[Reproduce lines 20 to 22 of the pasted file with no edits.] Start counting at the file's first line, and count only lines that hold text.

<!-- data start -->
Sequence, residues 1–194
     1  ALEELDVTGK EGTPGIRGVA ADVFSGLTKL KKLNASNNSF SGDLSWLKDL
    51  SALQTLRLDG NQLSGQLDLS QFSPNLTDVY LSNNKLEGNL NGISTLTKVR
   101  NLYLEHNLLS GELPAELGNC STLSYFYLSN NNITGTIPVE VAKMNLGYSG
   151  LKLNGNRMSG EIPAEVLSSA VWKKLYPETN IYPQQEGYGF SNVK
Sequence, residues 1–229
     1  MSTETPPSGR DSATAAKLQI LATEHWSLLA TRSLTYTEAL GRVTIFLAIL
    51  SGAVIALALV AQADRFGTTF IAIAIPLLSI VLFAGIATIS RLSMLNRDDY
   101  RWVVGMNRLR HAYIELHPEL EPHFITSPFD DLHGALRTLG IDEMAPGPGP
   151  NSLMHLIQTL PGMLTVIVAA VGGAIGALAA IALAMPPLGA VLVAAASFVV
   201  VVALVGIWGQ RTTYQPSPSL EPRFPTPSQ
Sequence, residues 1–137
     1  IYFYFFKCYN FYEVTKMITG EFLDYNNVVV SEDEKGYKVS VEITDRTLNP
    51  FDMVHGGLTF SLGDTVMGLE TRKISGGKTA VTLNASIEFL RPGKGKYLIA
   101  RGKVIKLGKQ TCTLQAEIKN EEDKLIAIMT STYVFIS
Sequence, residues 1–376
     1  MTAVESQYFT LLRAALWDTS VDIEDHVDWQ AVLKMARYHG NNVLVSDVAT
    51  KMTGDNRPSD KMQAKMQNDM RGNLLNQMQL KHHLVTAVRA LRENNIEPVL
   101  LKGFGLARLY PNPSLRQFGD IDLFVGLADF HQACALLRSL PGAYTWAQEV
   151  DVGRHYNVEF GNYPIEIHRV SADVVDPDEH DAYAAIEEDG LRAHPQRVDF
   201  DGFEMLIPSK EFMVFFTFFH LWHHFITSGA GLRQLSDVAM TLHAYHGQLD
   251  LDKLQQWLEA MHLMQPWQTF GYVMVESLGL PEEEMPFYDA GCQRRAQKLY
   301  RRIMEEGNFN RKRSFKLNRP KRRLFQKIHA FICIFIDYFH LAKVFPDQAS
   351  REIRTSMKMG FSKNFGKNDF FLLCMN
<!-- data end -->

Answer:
   151  DVGRHYNVEF GNYPIEIHRV SADVVDPDEH DAYAAIEEDG LRAHPQRVDF
   201  DGFEMLIPSK EFMVFFTFFH LWHHFITSGA GLRQLSDVAM TLHAYHGQLD
   251  LDKLQQWLEA MHLMQPWQTF GYVMVESLGL PEEEMPFYDA GCQRRAQKLY